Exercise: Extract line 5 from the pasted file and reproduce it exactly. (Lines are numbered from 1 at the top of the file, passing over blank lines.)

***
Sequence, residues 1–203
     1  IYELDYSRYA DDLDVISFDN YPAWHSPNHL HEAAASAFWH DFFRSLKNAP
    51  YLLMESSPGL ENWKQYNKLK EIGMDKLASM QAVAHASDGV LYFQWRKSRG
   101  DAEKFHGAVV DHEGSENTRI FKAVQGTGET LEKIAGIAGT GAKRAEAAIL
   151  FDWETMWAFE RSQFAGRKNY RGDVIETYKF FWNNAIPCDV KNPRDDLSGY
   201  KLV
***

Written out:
   151  FDWETMWAFE RSQFAGRKNY RGDVIETYKF FWNNAIPCDV KNPRDDLSGY